The Screaming Synopsis: What causes an adolescent – straight A student Brandon P Marshall – to walk downstairs naked, armed with a pair of Glocks, and go all Charles Manson on his family? This is only one in the horrifying trail of incidents that brings together Detective Sergeant Dale Franklin of the Kansas City Police Department and his poster-boy rookie, Steve Abrams.
Meanwhile, across the pond, Dai Williams, in Battersea London, safe inside his improvised Faraday cage, is coming to terms with his special talents – talents that will take ‘getting-into-the-mind-of-the-killer’ to a whole new level.
Al-Qaeda? Drugs Cartels? Internet freaks? David Graham’s The Screaming leaves no possibility untouched as Dai enters a bizarre and horrifying world where kids scream. – Goodreads
The Screaming Review
Something about this book set me on edge, even as I devoured the pages relentlessly. The story is very, very good, but the writing is almost crude at the same time. Its not badly-written, per say, its just that the particular style the author chooses to write in is a little too much at times. The Detective Sergeant’s rookie partner/love interest annoyed me. He was so over the top that he was the veritable caricature of a gay guy, and by halfway through the book I was swearing that if I ever heard any sort of phrase involving “Cute as cupcake” again, I was going to have an unexplained incidence of violence myself. I think what bothered me the most though was that the relationship between the two men was so …sophomoric. They’re old enough to be on the police force, but, I kid you not…
“I’d like it real much if you could be my boyfriend.” – David Graham, The Screaming
That’s just an example of the dialogue you have to put up with, internal or external, when it comes to those two. Now, the character might have been being deliberately goofy right there, but given the rest of the dialogue, its just easy to argue that he’s dead serious. Its that bad. Not to mention a complete lack of professionalism once they finally engage in sexual relations.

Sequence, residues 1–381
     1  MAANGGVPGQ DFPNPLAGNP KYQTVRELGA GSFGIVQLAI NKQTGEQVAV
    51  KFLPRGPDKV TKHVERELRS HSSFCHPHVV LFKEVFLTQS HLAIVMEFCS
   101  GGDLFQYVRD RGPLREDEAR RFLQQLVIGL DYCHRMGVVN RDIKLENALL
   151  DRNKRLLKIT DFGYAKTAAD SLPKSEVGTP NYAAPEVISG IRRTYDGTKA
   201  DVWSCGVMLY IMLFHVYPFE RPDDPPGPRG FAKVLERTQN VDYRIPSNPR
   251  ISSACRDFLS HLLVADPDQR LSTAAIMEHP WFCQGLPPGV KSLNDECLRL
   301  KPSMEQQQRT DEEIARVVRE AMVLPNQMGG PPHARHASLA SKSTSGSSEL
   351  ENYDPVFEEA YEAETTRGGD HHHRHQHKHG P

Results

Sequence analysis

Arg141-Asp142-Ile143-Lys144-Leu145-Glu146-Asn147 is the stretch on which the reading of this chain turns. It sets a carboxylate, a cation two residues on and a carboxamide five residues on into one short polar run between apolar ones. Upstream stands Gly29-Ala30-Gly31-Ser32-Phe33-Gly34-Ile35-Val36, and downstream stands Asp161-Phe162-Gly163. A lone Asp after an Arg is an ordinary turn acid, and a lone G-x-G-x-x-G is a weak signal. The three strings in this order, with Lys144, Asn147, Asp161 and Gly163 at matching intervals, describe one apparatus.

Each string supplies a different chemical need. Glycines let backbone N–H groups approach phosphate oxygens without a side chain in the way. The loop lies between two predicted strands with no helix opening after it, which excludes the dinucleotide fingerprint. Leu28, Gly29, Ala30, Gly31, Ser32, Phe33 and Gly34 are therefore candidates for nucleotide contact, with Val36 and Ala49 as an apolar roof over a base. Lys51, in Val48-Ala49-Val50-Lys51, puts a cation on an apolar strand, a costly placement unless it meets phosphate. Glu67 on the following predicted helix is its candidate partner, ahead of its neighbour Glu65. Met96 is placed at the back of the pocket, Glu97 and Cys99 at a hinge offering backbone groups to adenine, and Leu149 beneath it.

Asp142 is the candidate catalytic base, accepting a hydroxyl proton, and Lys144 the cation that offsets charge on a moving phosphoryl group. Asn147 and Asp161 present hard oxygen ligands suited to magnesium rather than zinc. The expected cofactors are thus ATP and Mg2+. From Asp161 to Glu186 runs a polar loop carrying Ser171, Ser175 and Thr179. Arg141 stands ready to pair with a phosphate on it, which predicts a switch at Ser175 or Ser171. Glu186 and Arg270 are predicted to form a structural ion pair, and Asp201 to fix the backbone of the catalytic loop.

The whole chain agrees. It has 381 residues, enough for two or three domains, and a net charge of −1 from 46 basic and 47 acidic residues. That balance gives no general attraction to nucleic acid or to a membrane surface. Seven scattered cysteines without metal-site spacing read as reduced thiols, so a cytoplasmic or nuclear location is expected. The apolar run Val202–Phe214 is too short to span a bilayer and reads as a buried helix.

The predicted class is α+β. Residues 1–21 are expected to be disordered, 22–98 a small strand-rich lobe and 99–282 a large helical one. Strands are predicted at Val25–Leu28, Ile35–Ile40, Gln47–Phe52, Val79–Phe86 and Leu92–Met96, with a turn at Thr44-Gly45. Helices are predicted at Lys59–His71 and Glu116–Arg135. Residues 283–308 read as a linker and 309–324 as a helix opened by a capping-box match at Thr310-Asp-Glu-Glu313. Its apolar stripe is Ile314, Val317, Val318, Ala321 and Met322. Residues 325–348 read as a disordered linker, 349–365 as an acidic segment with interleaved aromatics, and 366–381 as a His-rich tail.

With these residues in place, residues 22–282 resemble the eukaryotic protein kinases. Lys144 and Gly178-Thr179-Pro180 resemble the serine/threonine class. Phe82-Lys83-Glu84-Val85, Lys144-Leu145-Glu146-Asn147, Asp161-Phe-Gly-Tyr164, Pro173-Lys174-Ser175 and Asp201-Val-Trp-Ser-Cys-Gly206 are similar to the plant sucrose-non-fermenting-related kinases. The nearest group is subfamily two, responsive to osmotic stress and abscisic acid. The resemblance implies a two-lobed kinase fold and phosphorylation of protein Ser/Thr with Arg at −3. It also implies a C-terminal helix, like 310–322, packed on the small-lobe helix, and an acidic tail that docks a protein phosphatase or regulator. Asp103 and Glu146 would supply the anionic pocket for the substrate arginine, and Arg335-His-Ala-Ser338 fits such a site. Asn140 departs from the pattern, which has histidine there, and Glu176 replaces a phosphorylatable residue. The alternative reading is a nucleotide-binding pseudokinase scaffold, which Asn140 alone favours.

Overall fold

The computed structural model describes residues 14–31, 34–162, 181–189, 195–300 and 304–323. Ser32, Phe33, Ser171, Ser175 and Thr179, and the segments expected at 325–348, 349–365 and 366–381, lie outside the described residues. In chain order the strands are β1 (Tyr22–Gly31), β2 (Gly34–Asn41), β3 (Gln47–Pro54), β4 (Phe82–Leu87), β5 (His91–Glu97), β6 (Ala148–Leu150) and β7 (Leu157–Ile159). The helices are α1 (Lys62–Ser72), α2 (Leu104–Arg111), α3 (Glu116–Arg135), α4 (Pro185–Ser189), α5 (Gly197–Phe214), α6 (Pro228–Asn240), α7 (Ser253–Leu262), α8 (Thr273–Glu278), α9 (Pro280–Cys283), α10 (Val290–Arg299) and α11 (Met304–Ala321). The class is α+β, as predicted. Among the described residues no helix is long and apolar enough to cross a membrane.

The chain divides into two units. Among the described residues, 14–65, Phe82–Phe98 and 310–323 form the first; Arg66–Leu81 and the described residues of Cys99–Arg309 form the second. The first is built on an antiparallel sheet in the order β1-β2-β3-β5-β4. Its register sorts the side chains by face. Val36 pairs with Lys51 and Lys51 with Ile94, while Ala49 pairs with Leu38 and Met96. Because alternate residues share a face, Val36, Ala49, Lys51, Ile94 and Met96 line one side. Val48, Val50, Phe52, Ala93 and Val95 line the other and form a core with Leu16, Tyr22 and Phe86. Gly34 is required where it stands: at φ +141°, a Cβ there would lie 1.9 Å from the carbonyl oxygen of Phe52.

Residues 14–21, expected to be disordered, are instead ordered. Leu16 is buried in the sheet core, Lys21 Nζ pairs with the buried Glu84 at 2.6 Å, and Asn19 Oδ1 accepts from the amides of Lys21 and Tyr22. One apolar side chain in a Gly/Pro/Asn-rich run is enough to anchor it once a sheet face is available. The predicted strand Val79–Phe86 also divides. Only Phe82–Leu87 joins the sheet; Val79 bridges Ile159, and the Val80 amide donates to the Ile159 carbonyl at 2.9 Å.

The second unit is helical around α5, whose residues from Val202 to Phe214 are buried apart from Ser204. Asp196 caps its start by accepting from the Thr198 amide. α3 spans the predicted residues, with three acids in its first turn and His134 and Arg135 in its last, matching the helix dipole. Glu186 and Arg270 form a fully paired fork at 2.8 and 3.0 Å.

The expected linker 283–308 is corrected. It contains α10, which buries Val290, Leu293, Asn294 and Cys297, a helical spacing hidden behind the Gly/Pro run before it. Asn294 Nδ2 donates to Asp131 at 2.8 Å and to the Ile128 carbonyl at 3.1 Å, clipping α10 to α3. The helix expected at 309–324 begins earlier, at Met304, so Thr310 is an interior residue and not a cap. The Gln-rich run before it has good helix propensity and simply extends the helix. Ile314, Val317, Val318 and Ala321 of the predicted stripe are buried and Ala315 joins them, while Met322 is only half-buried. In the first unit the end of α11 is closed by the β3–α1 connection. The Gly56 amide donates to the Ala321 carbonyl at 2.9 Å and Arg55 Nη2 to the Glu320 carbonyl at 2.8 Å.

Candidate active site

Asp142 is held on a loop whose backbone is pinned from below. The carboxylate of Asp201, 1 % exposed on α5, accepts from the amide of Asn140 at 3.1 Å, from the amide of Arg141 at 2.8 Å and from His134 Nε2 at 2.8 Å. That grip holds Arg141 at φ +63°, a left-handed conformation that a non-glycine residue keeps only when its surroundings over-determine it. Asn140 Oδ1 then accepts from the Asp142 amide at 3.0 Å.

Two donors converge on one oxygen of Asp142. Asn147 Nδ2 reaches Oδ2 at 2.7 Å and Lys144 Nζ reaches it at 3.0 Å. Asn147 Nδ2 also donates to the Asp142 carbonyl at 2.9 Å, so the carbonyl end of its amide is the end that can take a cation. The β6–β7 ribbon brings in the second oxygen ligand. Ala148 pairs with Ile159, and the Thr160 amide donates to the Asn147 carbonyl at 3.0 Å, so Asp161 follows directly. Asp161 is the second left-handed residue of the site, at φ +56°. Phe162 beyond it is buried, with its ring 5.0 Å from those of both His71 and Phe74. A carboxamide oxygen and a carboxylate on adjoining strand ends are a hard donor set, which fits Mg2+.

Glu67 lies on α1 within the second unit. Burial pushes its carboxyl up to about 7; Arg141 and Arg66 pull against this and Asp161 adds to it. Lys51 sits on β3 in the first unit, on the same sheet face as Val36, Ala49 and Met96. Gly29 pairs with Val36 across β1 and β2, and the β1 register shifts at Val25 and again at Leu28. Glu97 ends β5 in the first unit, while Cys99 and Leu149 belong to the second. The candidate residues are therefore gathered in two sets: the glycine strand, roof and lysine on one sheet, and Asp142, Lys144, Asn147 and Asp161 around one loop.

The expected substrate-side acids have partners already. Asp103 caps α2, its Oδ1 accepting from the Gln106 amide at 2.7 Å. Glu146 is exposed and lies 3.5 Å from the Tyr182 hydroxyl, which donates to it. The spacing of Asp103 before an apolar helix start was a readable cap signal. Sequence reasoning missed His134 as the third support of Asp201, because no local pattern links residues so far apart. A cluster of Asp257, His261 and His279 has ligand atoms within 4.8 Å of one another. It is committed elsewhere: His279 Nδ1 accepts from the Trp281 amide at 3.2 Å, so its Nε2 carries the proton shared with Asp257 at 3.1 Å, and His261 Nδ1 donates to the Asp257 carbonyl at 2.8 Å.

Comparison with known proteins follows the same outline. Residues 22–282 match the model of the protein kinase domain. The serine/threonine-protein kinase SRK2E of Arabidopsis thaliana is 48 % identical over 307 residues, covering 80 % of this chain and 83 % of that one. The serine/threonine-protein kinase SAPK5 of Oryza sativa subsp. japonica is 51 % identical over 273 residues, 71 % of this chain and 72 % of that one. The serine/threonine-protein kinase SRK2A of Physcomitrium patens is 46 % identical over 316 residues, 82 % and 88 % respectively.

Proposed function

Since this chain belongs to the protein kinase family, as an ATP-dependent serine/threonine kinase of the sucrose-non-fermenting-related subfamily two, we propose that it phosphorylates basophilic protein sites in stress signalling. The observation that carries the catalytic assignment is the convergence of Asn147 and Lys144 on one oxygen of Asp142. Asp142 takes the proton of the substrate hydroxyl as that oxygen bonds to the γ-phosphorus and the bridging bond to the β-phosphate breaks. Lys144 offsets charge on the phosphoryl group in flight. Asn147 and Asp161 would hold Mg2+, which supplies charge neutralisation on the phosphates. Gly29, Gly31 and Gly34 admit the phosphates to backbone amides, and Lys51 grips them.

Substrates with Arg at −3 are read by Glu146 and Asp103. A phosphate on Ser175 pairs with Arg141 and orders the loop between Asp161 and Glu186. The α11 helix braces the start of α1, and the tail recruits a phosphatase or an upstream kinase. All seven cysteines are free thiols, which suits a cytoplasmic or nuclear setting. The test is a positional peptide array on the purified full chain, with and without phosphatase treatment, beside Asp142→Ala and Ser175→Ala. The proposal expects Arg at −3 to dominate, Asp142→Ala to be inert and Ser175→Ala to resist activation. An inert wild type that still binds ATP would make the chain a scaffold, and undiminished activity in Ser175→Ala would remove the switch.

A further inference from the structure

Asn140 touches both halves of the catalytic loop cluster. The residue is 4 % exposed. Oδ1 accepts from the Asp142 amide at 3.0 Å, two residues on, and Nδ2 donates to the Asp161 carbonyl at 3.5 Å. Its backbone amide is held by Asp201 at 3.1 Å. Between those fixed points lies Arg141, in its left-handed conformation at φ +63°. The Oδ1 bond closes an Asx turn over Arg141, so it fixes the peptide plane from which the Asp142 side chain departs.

Now, the story itself was good. If it wasn’t for the unnecessary romance, I most likely would have liked the novel a lot more than I did. Graham propels the story forward at an almost breakneck pace, and manages to keep you fully invested in the story…at least for the first half. Unfortunately, as good as the first half was, the second half was equally as bad. It felt like the author had grand ambitions, but didn’t have the ability to confidently carry his ideas to completion, so he took the easy way out. There were a couple times in the second half where I rolled my eyes and/or scoffed because I just couldn’t suspend reality to the point the author was asking me to.
Overall, the idea was fantastic and the first half was great, unfortunately the book sort of collapses in on itself after that and becomes a weak echo of what it could have been.